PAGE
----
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Do You Need an Immigration Attorney to Become a U.S. Citizen? October 8, 2018

Tribeca, Manhattan
Do You Need an Immigration Attorney to Become a U.S. Citizen?, Manhattan, New York

The road to citizenship in the United States is notoriously considered a competitive, difficult road. While some recommend turning to an immigration attorney to handle your application, hiring one isn’t always necessary. The process of applying is straightforward if you have a clean record, but even innocuous issues with your application could get you rejected. Highlighting any weaknesses in your eligibility will help you determine whether or not you need to hire an attorney to proceed, but before you can do so, you need to have a firm understanding of what the application requires of a new citizen.

Starting the Application Process

To become a U.S. citizen, you should first file an N-400, the Application for Naturalization, to United States Citizenship and Immigration Services (USCIS). To be eligible to submit this form, you must:

  • Be 18 years or older.
  • Have legally lived in the United States for five years (three if you’re married to a U.S. citizen).
  • Have physically remained in the U.S. during the allotted time previously stated.
  • Have good moral character.
  • Have basic knowledge of the English language.
  • Have basic knowledge of U.S. government and history.
  • Be willing to take the Oath of Allegiance if granted citizenship.

If you have no issue with any of these points, then you can easily file your N-400 on your own. 

When to Hire an Immigration Attorney

Bringing legal help into the equation can be expensive and time-consuming, but sometimes, this step can be the difference between becoming a citizen and getting rejected. If any of the following applies to you, then speak to an immigration attorney before continuing the application process.

You Aren’t Confident in Your Mastery of English

immigration attorneyYou don’t need to be fluent in English to be a U.S. citizen, but you do need to fully understand the N-400 form in English to fill it out on your own. If you are not sure you can fill it out properly, an attorney, or at least someone with a fluency of English, can help walk you through it and fill it out.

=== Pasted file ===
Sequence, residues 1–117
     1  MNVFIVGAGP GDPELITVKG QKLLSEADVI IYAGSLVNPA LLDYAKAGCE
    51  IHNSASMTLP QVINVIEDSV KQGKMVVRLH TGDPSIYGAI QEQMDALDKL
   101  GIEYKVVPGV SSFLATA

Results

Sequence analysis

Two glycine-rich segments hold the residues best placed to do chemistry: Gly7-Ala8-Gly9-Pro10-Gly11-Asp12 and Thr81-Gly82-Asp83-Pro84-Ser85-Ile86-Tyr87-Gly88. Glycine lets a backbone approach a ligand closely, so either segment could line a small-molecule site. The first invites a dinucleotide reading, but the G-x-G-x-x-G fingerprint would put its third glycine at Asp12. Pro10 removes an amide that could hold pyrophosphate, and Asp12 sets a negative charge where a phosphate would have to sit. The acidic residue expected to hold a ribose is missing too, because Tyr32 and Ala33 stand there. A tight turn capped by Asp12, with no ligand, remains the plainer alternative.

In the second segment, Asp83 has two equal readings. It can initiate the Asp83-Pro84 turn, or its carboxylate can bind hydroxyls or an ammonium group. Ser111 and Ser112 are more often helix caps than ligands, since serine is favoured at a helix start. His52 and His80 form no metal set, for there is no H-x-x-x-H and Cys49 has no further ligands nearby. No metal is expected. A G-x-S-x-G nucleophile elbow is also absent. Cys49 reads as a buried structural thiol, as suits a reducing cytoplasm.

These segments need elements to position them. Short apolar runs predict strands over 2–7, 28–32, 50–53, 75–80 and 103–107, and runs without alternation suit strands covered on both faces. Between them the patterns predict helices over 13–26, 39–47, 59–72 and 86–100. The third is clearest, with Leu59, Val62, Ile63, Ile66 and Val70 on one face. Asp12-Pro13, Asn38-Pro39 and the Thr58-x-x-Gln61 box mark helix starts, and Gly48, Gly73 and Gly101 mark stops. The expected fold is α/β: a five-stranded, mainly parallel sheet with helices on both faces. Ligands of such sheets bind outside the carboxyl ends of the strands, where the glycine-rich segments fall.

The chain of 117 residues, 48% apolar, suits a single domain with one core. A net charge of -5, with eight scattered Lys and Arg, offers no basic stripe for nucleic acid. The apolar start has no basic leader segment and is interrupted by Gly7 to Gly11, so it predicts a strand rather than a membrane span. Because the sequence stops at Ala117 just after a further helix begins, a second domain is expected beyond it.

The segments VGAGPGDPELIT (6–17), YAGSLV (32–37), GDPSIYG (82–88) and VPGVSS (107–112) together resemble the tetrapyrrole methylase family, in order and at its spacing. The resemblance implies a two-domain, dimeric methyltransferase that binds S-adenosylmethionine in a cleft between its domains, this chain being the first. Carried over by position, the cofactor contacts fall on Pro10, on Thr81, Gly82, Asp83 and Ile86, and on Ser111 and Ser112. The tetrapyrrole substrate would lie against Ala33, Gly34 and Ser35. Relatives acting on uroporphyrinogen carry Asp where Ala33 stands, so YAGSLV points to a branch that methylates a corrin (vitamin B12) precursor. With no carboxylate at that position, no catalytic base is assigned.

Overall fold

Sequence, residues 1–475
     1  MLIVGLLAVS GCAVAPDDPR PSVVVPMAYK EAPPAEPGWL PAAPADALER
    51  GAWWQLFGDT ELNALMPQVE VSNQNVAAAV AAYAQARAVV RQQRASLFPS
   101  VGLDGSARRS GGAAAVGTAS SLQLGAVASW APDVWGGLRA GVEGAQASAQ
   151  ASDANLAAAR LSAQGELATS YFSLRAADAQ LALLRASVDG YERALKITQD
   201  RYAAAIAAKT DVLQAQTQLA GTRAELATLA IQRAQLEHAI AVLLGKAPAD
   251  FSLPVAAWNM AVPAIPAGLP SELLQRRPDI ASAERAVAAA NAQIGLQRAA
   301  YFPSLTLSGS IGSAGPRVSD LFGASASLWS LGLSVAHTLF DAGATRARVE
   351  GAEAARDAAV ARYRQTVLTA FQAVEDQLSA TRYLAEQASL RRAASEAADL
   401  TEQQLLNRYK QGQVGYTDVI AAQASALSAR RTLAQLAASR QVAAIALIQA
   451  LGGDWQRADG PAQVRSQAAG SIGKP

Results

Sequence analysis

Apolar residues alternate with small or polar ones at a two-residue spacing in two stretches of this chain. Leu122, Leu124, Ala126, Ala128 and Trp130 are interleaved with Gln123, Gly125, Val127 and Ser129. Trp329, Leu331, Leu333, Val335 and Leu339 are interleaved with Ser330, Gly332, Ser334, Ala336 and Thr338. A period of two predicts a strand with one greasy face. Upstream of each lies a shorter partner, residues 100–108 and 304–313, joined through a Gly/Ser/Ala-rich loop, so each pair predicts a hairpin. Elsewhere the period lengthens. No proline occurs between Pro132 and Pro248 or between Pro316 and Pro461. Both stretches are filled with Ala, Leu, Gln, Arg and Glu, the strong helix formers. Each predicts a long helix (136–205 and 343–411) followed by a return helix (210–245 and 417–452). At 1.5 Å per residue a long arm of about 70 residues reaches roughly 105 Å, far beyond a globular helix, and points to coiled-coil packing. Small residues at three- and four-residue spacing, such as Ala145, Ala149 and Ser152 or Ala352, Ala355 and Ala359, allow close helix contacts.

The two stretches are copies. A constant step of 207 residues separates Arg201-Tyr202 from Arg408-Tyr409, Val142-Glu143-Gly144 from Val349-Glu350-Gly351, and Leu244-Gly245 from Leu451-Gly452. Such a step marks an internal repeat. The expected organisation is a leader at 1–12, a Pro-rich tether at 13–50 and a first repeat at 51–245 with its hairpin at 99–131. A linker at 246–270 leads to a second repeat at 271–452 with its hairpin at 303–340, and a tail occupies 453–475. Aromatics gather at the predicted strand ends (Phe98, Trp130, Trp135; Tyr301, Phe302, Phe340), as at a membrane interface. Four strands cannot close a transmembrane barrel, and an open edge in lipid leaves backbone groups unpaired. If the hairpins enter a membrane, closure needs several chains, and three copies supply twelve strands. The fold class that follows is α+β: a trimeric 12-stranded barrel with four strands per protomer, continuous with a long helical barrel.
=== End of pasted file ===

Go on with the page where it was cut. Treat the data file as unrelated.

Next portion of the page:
You Have Been Detained by the Police

Even if the conviction has been expunged or the charge has been dismissed, either case can still count against you during this process. An attorney will help you get ahead of this obstacle in the naturalization process by explaining the circumstances of your detainment. This advice is particularly pertinent if you have been convicted of a misdemeanor, as it can result in serious consequences that may revoke your permanent residence, let alone your future citizenship.

You Left the Country for More Than 180 Days During Your 5 Years of Residence

This issue is best left to the attorney to address, as it will require analysis and a thorough explanation. 

You Have Tax Issues

Whether you filed late or missed filing completely and have overdue payments, problems with your taxes are a big issue on your application, which will require legal assistance to overcome. 

You Got Divorced Shortly After Receiving a Green Card Through Marriage

This is a famous red flag for the naturalization process, often referred to as a “green card marriage” if the only reason for the union was to give one spouse the fast track to permanent residence in the U.S. The attorney will help you to establish the legitimacy of the marriage and why it ended to sidestep this issue. 

You Have Other Personal Issues

If you can’t cover child support or alimony, or you quit a job shortly after getting a green card through said work, those are also potential issues when filing for naturalization.

You Have a Parent Who Is a U.S. Citizen

Speak with an immigration attorney before filing to confirm your eligibility. You are automatically a citizen through your relation to your parent if they are a confirmed U.S. citizen. If this is the case for you, the money you would spend on your naturalization application should instead pay for a proof of citizenship application.

The Rest of the Process


Once you iron out these complications and your application is received, you will receive a letter from USCIS requesting a visit to the local Application Support Center. There, you will submit your biometrics (fingerprints), as well as participate in a standard background check. If you used an attorney for your N-400, they will walk you through tougher questions that may be asked during this step. The letter may ask for additional documents, which you should send in as soon as possible. 

The Interview & Citizenship Tests

If you pass this round, USCIS will then send you a request for an interview. If you opted for an attorney, they will once again prepare you for your interview. Immediately after, you will take two tests: English and Civics (which covers U.S. history and government facts). To prep for both, there are numerous study materials online to guide you.

The Naturalization Ceremony

If all goes well, upon saying the Oath of Allegiance at your naturalization ceremony, you will officially become a citizen of the United States. 


Do you think that you need to hire an immigration attorney before beginning your path to citizenship? The experienced attorneys at the Law Offices of Iannuzzi and Iannuzzi will guide you with excellent legal representation during your naturalization process. Providing legal services in Manhattan and around the country for over 85 years, this third-generation practice will review your case for free to identify its strengths and weaknesses before you proceed. To book your initial consultation, call (212) 227-9595, or visit their website for more information.